In 2010, Joann Rodriguez suffered a health crisis precipitated by her multiple sclerosis. She could no longer keep her job with the AARP, but it took her two years before she received any disability benefits. After draining all of her retirement savings, she finally fell behind on her mortgage.
Three weeks ago, Joann came home to find a note taped to her front door. It said that she has until March 28th to vacate her home. Joann has tried to negotiate a modification that would allow her to pay off her mortgage and stay in her house, but instead, her house is being foreclosed on by a Wall Street vulture capital fund called Oaktree Capital Management. Instead of negotiating, Oaktree has asked the sheriff to evict Joann from her home.
Paula Smith, a mother of three who works for Baltimore City Public Schools, and her family were scheduled for eviction Monday. In 2009, the bank that owned Paula's mortgage went bankrupt at the height of the financial crisis. She spent months trying to send her payments to the new owner of her loan, Bank of America, but says they refused to accept payment. When Bank of America finally did acknowledge that they owned her mortgage, they notified her that she was in default because the loan was more than 90 days overdue. After Oaktree became the owner of Paula's loan they informed her that they were no longer interested in negotiating a modification and were moving to foreclose.
Joann's and Paula's stories speak for hundreds of other Baltimore families whose lives have been upended by Oaktree's actions. When we first learned of Paula's and Joann's circumstances, our offices sent Oaktree letters requesting they keep these families in their homes, to come back to the negotiating table, to stay their evictions. Oaktree never responded to our requests.
How did we get here?
In 2014, Oaktree purchased 612 distressed home mortgages in Baltimore City and Baltimore County through the federal government's Neighborhood Stabilization Program. Oaktree paid only 48 cents for each dollar of unpaid principal balance owed by homeowners.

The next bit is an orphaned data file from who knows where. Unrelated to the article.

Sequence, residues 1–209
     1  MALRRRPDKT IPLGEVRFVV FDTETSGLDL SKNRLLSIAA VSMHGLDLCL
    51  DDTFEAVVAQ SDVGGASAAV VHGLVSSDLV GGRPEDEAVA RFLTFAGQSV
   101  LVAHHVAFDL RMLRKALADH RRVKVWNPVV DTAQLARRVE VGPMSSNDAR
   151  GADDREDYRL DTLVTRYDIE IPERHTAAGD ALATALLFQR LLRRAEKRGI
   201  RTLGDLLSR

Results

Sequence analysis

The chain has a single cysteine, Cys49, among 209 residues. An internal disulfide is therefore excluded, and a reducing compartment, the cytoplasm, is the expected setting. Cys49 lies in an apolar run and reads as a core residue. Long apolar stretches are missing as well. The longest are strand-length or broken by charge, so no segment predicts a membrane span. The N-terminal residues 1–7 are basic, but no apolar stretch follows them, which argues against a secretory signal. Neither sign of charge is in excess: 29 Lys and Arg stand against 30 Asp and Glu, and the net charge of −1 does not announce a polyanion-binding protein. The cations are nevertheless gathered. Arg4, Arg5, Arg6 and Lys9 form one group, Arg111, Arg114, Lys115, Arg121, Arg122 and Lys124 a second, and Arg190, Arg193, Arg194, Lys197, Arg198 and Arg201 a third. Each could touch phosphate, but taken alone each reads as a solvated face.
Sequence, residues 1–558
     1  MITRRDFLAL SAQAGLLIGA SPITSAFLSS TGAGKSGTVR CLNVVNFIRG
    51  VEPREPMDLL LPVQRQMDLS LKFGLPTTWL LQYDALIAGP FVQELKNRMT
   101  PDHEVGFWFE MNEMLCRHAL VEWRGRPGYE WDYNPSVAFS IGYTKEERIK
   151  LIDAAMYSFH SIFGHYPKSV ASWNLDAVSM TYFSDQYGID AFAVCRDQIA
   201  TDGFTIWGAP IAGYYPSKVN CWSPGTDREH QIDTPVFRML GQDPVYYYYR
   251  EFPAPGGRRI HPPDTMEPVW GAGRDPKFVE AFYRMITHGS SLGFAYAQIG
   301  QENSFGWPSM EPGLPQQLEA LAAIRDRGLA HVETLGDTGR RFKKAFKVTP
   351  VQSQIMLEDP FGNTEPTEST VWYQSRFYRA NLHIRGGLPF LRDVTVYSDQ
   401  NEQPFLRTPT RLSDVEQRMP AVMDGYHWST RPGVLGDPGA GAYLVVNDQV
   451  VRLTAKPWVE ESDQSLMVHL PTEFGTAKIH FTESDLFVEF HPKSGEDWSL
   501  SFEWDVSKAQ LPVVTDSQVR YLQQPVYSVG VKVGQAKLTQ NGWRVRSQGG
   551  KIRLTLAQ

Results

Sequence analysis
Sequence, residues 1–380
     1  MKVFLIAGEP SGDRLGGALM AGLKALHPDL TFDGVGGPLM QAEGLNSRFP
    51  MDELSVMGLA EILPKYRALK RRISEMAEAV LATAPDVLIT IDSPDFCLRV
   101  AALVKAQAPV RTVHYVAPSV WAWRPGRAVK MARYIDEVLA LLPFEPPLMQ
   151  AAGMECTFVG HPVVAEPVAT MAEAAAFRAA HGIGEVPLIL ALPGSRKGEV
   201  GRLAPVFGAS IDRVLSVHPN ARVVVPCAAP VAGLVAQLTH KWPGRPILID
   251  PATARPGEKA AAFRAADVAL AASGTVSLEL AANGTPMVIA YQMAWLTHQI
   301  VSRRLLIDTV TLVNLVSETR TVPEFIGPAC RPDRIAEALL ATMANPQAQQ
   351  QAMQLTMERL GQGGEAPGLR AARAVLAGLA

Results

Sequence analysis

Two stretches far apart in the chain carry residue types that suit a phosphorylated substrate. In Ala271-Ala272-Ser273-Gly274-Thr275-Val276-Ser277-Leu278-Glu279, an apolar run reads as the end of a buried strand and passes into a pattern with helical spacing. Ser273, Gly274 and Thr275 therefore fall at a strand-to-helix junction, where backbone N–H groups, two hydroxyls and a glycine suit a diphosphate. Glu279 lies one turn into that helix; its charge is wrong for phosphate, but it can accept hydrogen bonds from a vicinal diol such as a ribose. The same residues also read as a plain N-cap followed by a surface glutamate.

The program that gave Oaktree access to Joann's and Paula's loans was created to "encourage investment in communities hit hardest by the foreclosure crisis to stabilize neighborhoods," according to the Department of Housing and Urban Development. It was intended to help homeowners like Paula and Joann. But instead of a giving Baltimore homeowners a second chance, Oaktree has foreclosed on 40 percent of the loans it purchased. (Editor's note: Until recently, Oaktree owned a large stake in The Baltimore Sun's parent company.)
When activists from UNITE HERE and the Baltimore Housing Roundtable visited the houses whose mortgages Oaktree purchased, 42 percent of them appeared to be vacant. Baltimore already has serious problems stemming from vacant houses. They are dangerous, they encourage crime, and they lower neighborhood property values. By foreclosing on Baltimore homeowners, Oaktree harms not only the homeowner but their neighborhood. This is the opposite of "neighborhood stabilization."
We ran for City Council to fight economic inequality and take on the affordable housing crisis in Baltimore. Oaktree's actions in our community not only undermine that mission, they contribute directly to the problems that our city faces. Home ownership is a vital component of stable and safe communities, so we are particularly disturbed to see that Oaktree's actions have affected families in predominantly poor African American neighborhoods. Home equity is one of the few forms of wealth that can give people a path into the middle class, and we are appalled to see this opportunity being stripped from families across our city.
Joann and Paula are the kind of homeowners that Baltimore needs. They have fought through illness, economic hardship and the bureaucratic incompetence of their lenders to stay and contribute to a better Baltimore. They have also spoken out about Oaktree's abusive and predatory practices.
Baltimore should not allow such homeowners to be displaced so that an out-of-state vulture fund can make a bigger profit. We call on Oaktree to put an end to these unconscionable practices and stop preying on Baltimore homeowners.
The Baltimore City Housing and Urban Affairs Committee will hold a hearing to investigate the impact of this program on Baltimore Communities on Thursday inside of Baltimore City Hall at 2pm.
John Bullock (John.Bullock@baltimorecity.gov) and Kristerfer Burnett (email@example.com), both Democrats, are members of the Baltimore City Council.